PointState Capital knows a thing or two about finding stocks that are ready to explode, and with its investment in Amaya this week, the company is betting that online poker in America is going to continue to expand.
Headquartered in New York City, the hedge fund paid $280 million for an 8.76 percent stake in the PokerStars owner, which translates to more than 11.6 million shares.
Though the purchase is substantial enough to warrant a seat on the Amaya board of directors, according to the SEC filing PointState Capital will not be an active investor, meaning the company will decline the position and remain on the sidelines.
Oiling the Stock
It didn’t take long for other investors to take notice of PointState Capital’s positioning in Amaya as the stock (NASDAQ: AYA) shot up 73 cents on Tuesday, and while that might not seem like much, that correlates to about a $20 million gain, not bad for a day’s work.
But that’s chump change to PointState, a hedge fund whose portfolio grossed more than $1 billion last year betting on falling oil prices. Zach Schreiber, CEO and chief investment officer, provided a 27 percent return to his investors on oil after deducting fees paid to his company.
In all, PointState is rumored to have profited $2 billion in 2014, though precise figures aren’t public knowledge as the firm is private.
Hedge funds are notorious for taking large positions in companies, watching the stock price soar, and then quickly dumping the investment, taking profits and leaving ordinary shareholders with a now overvalued asset.
And PointState’s reluctance to join the board might signal the firm isn’t in Amaya for the long haul.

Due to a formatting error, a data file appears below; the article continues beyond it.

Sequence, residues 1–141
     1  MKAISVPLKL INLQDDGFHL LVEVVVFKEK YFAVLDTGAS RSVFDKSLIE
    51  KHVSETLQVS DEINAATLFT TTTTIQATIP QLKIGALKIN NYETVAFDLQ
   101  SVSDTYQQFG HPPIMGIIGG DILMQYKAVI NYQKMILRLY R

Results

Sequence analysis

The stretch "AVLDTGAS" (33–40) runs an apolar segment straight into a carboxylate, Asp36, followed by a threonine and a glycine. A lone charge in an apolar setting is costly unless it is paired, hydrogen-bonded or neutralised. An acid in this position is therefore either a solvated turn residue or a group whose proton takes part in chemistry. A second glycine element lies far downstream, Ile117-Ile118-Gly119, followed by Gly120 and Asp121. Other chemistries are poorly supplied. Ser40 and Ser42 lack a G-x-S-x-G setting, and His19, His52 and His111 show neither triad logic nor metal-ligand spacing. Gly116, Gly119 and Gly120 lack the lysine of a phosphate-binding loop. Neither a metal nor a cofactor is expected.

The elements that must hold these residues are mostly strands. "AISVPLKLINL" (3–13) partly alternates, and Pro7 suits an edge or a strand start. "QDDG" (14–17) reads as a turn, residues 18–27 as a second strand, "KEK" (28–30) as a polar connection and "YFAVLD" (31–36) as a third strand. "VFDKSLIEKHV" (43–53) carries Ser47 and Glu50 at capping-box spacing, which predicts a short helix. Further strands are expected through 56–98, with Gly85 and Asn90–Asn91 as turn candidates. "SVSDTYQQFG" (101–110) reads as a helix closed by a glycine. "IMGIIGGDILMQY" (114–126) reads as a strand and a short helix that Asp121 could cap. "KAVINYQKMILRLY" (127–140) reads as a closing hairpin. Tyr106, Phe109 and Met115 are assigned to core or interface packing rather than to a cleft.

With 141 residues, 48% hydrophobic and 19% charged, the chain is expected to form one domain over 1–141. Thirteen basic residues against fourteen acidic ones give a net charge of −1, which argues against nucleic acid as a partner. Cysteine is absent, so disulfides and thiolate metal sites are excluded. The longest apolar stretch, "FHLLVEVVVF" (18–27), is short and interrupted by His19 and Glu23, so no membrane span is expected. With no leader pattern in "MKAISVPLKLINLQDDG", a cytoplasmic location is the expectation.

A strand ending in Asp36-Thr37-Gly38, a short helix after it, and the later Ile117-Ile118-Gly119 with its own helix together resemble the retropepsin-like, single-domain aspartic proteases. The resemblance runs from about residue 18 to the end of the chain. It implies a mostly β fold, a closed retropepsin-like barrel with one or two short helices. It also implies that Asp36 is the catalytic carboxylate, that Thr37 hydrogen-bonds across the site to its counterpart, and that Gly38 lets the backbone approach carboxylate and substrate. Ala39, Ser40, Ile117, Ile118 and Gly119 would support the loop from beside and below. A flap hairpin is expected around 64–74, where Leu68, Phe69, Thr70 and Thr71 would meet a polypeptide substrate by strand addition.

Considering the ongoing investigation by the Canadian financial market regulator Autorité des Marchés Financiers (AMF) looking into allegations of insider trading leading up to Amaya’s $4.9 billion takeover of PokerStars, the stock is justifiably not attractive to all investors.
But that shouldn’t scare off those who are considering taking a position in Amaya, as the company said in April that an internal audit found “no evidence of any violation” among its chief executives.
“If it wasn’t for that pesky investigation, shares would probably be higher,” Nathan Smith, analyst for financial news site The Motley Fool writes. “Until the investigation concludes, investors are taking a major risk by investing in this company.”
New Year, New Jersey
That “risk” could payoff in a major way should more states in America decide to legalize online gambling, with California and Pennsylvania both currently debating its potential passage.
With a worldwide iPoker market share of 66 percent through PokerStars, Amaya stands to greatly capitalize from continued legalization.
The company is also expected to make its long-awaited return to the United States in the coming months through entry in New Jersey, four years since PokerStars was banned from the country following poker’s Black Friday in 2011.
Should that happen, PointState and Schreiber’s 8.76 percent stake is expected to be valued at much more than the $280 million the investment group paid for the position, and when it comes to sound investing, that’s the name of the game.